Hackathons and Challenges
We made DeepLens devices available to participants in last month’s HackTillDawn. I was fortunate enough to be able to attend the event and to help to choose the three winners. It was amazing to watch the teams, most with no previous machine learning or computer vision experience, dive right in and build interesting, sophisticated applications designed to enhance the attendee experience at large-scale music festivals. The three winners went on to compete at EDC Vegas, where the Grand Prize winner (Find Your Totem) was chosen. Congrats to the team, and have fun at EDC Orlando!

We also ran the AWS DeepLens Challenge, asking participants to build machine learning projects that made use of DeepLens, with bonus points for the use of Amazon SageMaker and/or AWS Lambda. The submissions were as diverse as they were interesting, with applications designed for children, adults, and animals. Details on all of the submissions, including demo videos and source code, are available on the Community Projects page. The three winning applications were ReadToMe (first place), Dee (second place), and SafeHaven (third place).

From what I can tell, DeepLens has proven itself as an excellent learning vehicle. While speaking to the attendees at HackTillDawn, I learned that many of them were eager to get some hands-on experience that they could use to broaden their skillsets and to help them to progress in their careers.

Preview Updates
During the preview period, the DeepLens team has stayed heads-down, focusing on making the device even more capable. Significant additions include:

Gluon Support – Computer vision models can be built using Gluon (an imperative interface to MXNet), trained, imported to DeepLens, and deployed.

SageMaker Import – Models can be built and trained in Amazon SageMaker and then imported to DeepLens.

Model Optimizer – The optimizer runs on the device and optimizes downloaded MXNet models so that they run efficiently on the DeepLens GPU.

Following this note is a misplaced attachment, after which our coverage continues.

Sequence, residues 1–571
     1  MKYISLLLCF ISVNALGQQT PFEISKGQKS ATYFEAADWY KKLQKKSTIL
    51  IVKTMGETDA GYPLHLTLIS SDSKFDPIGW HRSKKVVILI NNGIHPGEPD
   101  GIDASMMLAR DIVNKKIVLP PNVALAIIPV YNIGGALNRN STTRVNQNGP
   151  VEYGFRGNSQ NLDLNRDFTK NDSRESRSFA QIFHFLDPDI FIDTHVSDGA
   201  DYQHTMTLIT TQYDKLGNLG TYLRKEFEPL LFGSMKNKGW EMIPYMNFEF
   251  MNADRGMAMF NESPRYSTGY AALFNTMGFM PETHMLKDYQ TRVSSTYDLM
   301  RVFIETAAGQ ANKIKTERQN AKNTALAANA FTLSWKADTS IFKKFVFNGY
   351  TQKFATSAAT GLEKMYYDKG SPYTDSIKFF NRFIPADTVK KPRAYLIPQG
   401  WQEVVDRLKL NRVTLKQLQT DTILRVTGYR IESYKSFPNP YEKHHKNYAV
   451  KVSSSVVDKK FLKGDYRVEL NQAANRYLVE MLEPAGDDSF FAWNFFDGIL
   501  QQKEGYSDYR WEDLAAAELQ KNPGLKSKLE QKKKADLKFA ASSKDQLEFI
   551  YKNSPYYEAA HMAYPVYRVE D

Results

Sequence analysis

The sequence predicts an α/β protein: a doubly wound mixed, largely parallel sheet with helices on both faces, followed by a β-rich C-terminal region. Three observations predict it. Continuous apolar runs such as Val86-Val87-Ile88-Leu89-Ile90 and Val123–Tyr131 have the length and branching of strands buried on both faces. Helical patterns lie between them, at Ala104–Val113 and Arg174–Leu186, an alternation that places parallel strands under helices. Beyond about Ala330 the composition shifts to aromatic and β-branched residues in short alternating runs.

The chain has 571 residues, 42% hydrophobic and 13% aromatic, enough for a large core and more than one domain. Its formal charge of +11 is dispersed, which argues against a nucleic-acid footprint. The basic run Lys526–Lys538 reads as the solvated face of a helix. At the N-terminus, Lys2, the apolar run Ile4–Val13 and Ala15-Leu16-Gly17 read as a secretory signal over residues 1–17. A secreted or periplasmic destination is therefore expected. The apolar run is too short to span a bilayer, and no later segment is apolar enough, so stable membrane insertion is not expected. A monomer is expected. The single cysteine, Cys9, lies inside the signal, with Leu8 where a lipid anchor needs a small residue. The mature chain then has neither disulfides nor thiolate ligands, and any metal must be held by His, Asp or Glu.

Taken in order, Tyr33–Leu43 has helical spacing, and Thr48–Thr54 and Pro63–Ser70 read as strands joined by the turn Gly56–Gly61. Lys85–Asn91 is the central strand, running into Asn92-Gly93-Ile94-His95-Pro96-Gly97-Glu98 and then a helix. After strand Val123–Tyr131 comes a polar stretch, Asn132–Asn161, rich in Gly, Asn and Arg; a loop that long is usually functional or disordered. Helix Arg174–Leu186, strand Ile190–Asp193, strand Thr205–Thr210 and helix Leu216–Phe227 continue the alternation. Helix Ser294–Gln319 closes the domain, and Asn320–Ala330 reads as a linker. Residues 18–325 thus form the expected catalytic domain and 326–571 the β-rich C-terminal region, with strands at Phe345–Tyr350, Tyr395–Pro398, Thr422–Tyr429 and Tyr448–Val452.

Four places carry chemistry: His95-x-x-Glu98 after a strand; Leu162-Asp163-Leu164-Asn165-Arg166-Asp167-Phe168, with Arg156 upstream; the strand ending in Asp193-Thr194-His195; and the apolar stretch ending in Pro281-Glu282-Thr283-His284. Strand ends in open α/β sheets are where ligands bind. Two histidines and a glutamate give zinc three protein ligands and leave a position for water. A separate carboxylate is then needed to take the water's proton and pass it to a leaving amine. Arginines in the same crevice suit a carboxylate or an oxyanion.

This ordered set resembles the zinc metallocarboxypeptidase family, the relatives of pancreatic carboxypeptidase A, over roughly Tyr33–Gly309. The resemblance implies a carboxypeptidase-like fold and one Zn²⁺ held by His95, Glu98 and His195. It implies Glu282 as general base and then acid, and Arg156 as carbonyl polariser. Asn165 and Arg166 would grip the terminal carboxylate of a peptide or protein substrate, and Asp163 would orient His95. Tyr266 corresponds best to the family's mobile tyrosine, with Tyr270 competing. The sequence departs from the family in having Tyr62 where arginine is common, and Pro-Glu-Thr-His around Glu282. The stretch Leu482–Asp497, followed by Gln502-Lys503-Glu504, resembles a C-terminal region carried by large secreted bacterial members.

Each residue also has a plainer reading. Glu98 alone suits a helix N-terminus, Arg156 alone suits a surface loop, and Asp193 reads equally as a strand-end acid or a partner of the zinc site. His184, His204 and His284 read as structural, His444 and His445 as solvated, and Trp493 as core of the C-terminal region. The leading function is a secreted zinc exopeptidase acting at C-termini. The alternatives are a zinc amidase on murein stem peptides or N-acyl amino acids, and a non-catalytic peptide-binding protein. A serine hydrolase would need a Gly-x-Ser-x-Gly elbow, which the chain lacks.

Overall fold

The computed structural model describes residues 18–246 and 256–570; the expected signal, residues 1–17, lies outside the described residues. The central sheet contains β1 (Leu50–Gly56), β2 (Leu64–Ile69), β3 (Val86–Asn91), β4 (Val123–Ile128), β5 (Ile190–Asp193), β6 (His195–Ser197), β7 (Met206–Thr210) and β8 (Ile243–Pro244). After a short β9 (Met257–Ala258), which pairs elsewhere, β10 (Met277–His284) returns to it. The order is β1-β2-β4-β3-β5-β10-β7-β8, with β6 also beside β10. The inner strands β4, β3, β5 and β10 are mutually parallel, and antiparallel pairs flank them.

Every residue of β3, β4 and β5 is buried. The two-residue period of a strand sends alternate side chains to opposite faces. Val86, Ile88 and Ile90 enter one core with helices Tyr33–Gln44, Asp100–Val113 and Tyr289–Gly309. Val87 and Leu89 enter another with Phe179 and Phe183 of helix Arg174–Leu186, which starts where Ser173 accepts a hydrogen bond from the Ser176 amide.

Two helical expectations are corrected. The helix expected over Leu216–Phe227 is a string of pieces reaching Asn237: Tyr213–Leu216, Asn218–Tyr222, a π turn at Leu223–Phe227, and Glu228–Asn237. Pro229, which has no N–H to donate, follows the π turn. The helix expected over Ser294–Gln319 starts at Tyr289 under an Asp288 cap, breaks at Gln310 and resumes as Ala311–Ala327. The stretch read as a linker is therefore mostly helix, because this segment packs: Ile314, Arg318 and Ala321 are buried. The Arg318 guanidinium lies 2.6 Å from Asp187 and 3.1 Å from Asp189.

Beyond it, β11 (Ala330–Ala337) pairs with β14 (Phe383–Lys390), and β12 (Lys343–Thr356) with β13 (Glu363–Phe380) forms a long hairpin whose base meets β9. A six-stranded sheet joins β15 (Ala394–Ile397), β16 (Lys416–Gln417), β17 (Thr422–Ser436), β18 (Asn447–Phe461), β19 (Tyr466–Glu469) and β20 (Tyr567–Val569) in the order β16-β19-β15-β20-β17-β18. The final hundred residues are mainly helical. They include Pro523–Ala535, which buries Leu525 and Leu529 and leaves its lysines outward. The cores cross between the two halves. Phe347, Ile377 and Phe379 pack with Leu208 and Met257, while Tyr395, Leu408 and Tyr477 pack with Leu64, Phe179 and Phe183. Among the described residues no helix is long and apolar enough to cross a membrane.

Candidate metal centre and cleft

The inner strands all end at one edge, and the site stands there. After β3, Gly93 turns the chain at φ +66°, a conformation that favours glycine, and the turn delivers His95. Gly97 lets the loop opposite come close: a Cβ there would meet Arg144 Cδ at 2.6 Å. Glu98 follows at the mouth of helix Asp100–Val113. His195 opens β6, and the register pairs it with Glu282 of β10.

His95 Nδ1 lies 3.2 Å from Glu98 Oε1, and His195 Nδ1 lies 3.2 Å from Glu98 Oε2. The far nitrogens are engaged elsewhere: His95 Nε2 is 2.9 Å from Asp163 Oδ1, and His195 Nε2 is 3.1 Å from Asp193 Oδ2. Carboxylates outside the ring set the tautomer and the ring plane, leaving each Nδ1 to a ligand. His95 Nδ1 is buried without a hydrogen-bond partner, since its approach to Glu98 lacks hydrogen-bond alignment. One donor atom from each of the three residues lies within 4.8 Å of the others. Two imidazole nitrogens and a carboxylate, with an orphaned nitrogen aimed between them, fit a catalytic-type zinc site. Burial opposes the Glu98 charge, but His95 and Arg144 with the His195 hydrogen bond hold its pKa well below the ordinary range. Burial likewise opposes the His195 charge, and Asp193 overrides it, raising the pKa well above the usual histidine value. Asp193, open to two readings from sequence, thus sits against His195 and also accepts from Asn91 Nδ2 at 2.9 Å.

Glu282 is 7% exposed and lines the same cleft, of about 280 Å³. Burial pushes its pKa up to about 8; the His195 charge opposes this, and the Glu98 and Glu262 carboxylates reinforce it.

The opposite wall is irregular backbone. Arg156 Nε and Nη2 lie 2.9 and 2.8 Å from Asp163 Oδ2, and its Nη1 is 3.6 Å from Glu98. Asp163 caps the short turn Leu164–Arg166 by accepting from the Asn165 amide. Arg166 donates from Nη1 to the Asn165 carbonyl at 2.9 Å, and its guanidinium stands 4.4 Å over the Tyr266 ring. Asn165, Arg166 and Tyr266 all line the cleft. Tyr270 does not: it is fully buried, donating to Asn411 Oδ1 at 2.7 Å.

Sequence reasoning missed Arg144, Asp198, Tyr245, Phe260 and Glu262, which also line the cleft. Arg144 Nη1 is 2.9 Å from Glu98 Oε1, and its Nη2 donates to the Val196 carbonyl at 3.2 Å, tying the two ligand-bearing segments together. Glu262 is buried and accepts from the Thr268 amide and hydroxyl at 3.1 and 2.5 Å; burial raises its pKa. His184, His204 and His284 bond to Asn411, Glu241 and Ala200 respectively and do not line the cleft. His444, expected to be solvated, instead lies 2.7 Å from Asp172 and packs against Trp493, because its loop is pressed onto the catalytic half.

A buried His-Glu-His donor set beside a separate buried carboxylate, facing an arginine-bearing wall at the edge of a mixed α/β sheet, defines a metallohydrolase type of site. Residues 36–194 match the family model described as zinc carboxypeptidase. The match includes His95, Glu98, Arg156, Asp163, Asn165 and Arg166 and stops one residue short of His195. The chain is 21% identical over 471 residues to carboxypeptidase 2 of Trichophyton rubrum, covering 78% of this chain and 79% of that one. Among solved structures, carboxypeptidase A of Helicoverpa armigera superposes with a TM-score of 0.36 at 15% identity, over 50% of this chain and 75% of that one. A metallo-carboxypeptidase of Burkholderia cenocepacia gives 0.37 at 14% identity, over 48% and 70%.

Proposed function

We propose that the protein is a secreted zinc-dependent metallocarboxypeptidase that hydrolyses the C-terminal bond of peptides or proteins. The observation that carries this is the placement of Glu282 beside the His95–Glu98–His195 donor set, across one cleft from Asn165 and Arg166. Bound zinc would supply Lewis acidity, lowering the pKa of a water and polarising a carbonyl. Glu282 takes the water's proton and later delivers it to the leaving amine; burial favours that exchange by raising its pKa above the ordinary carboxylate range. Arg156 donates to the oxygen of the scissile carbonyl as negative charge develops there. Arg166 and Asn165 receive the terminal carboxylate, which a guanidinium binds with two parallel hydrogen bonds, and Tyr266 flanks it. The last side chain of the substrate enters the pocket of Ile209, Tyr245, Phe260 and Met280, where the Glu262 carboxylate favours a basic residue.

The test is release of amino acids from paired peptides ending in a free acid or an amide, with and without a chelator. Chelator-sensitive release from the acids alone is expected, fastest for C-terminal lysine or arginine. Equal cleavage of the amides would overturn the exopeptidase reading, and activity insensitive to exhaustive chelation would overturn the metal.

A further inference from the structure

Now Shipping
I am happy to report that DeepLens is now shipping and available to order from Amazon.com. You can get one of your very own and start building your own deep learning applications within days. Devices can be shipped to addresses in the United States, with additional destinations in the works.

We are also rounding out the initial feature set with the addition of some important new capabilities:

Expanded Framework Support – DeepLens now supports the TensorFlow and Caffe frameworks.

Expanded MXNet Layer Support – DeepLens now supports the Deconvolution, L2Normalization, and LRN layers provided by MXNet.

Kinesis Video Streams – The video stream from the DeepLens camera can now be used in conjunction with Amazon Kinesis Video Streams. You can stream the raw camera feed to the cloud and then use Amazon Rekognition Video to extract objects, faces, and content from the video.

New Sample Project – DeepLens now includes a sample project for head pose detection (powered by TensorFlow). You can examine this sample to see how the model was constructed; here’s an excerpt from the notebook:

I am looking forward to seeing what you build with your very own DeepLens. Drop me a line and let me know!